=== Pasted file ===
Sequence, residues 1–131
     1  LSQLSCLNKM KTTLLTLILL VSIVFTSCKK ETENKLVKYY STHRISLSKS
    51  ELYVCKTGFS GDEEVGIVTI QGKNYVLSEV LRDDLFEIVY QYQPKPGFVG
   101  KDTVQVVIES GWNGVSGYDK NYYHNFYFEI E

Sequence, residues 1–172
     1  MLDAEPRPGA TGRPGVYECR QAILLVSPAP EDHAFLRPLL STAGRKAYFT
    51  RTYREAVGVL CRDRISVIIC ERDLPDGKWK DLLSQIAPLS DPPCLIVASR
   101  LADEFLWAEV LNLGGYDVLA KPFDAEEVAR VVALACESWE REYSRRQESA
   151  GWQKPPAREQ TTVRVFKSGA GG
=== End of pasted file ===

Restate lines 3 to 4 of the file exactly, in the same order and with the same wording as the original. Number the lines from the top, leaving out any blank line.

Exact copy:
    51  ELYVCKTGFS GDEEVGIVTI QGKNYVLSEV LRDDLFEIVY QYQPKPGFVG
   101  KDTVQVVIES GWNGVSGYDK NYYHNFYFEI E